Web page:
Value-based healthcare in Lynch syndrome.
Lynch syndrome (LS), one of the most frequent forms of hereditary colorectal cancer (CRC), is caused by a defect in one of the mismatch repair (MMR) genes. Carriers of MMR defects have a strongly increased risk of developing CRC and endometrial cancer. Over the last few years, value-based healthcare has been introduced as an approach to the cost-effective delivery of measurable patient value over complete cycles of care. This requires all involved stakeholders to formulate and validate 'patient value' for Lynch syndrome, as well as to identify targets and associated costs. The aim of this study was to develop a value-based care model for Lynch syndrome that can determine patient value and associated costs, and to design a coordinated care pathway from existing guidelines. All specialists in our hospital involved in the management of LS patients evaluated the care delivered to these patients at their department and formulated outcome measures relevant to patient value. Patients were then invited to complete a questionnaire that assessed the importance of these measures on a scale of 1-10. Six high-value outcomes were identified: (1) prevention of cancer or detection of early stage cancer (2) rapid results from MMR gene mutation testing (3) rapid investigation of the colon and uterus (4) no/little pain during colonoscopy and gynaecologic examination/biopsy (5) the offer of psychological help and (6) registration with the Dutch Lynch syndrome registry. A total of 38 (59 %) out of 62 patients completed the questionnaire. The relevance of all outcomes was confirmed by the patients and mean scores varied from 7.2 to 9.9. Patients underscored the relevance of both proper patient education and the efficiency of surveillance during their care cycle. Value-based care delivery for Lynch syndrome includes the implementation of six parameters related to prevention and early detection of cancer, a short cycle time and registration to ensure continuation of care. Estimated costs are <euro> 3320 for the first cycle of care (<euro> 3550 including gynaecologic surveillance) and approximately 720 per subsequent annual cycle (<euro> 950 including gynaecologic surveillance).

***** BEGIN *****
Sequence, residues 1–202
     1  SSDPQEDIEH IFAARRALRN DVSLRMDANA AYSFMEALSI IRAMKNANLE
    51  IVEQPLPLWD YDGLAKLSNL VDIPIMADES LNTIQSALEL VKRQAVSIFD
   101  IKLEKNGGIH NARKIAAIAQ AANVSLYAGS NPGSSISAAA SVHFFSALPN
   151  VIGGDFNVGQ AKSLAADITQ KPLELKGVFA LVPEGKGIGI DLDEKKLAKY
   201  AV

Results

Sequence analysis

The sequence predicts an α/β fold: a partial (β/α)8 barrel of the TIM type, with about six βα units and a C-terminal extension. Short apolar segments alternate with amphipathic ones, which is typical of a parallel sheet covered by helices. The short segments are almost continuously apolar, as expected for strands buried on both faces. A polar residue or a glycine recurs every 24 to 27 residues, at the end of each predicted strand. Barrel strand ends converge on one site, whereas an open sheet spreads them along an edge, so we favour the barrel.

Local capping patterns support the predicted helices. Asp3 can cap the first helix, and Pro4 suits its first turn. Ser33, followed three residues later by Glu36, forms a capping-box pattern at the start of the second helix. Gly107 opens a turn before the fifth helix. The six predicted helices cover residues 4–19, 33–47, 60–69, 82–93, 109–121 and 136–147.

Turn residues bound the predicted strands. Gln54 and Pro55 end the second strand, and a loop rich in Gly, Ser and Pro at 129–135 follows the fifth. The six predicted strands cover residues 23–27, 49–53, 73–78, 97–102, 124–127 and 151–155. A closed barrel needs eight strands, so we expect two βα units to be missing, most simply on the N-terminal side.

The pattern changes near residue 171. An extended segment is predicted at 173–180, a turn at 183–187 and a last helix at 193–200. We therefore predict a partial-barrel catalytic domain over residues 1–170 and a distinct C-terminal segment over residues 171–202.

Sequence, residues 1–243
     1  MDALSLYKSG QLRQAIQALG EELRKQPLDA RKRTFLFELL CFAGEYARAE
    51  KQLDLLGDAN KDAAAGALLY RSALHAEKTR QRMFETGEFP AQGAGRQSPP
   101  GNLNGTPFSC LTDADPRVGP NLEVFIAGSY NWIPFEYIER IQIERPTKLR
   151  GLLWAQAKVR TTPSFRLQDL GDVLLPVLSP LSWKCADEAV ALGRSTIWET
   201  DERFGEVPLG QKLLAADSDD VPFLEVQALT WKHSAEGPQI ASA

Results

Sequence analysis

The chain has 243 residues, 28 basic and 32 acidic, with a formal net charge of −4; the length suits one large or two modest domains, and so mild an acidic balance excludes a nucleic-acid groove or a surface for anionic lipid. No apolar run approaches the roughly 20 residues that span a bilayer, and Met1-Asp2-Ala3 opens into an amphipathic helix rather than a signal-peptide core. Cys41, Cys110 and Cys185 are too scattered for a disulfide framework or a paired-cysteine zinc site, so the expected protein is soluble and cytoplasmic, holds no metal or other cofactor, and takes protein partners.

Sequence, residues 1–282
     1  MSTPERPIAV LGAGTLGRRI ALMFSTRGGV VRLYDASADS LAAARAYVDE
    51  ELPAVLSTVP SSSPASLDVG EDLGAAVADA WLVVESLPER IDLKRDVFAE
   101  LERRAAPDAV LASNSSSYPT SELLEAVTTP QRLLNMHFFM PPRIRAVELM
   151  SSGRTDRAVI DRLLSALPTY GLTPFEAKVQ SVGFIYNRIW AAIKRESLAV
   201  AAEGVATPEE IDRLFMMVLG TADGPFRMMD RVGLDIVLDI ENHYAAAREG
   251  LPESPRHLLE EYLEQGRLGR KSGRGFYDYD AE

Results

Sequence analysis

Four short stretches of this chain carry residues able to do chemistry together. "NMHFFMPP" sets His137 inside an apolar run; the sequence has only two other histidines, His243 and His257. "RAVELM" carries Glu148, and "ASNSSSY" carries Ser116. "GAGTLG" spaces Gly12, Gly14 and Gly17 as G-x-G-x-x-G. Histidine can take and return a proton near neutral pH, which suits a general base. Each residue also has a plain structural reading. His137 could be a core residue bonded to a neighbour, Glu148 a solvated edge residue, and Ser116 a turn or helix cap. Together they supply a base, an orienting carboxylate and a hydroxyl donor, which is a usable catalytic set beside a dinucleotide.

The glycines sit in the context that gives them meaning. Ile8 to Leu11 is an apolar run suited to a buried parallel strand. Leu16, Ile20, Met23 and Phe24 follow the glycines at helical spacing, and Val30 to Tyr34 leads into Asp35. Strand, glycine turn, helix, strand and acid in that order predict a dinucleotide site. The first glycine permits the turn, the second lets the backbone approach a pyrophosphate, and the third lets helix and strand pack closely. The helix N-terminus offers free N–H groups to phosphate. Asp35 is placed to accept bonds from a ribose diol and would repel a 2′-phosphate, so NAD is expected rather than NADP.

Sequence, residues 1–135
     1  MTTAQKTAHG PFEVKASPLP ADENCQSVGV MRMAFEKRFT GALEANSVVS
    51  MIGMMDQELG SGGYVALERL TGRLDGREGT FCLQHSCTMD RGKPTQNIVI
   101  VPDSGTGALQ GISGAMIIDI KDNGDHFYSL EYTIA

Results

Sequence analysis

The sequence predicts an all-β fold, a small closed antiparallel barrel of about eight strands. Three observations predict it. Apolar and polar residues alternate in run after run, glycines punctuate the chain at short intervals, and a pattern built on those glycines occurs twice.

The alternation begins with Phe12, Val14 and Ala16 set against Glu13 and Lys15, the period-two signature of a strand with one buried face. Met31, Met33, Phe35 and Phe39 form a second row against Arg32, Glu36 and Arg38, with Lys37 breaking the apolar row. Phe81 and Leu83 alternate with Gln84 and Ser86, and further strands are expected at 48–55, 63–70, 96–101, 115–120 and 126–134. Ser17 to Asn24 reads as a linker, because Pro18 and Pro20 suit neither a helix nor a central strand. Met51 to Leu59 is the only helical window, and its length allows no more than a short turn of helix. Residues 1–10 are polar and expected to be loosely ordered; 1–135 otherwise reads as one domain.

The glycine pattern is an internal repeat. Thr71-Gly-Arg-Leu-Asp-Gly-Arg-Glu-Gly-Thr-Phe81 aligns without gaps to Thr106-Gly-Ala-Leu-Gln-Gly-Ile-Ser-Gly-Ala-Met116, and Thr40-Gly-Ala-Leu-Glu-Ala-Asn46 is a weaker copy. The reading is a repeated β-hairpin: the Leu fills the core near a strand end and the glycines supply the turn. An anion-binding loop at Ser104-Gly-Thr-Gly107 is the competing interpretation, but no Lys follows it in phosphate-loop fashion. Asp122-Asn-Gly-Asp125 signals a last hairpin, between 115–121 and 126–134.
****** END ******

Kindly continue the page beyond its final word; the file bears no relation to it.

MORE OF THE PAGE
Hennink SD, Hofland N, Gopie JP, van der Kaa C, de Koning K, Nielsen M, Tops C, Morreau H, de Vos tot Nederveen Cappel WH, Langers AM, Hardwick JC, Gaarenstroom KN, Tollenaar RA, Veenendaal RA, Tibben A, Wijnen J, van Heck M, van Asperen C, Roukema AJ, Hommes DW, Hes FJ, Vasen HF
SourceFamilial cancer 12:2 2013 Jun pg 347-54
Pub Type(s)Journal Article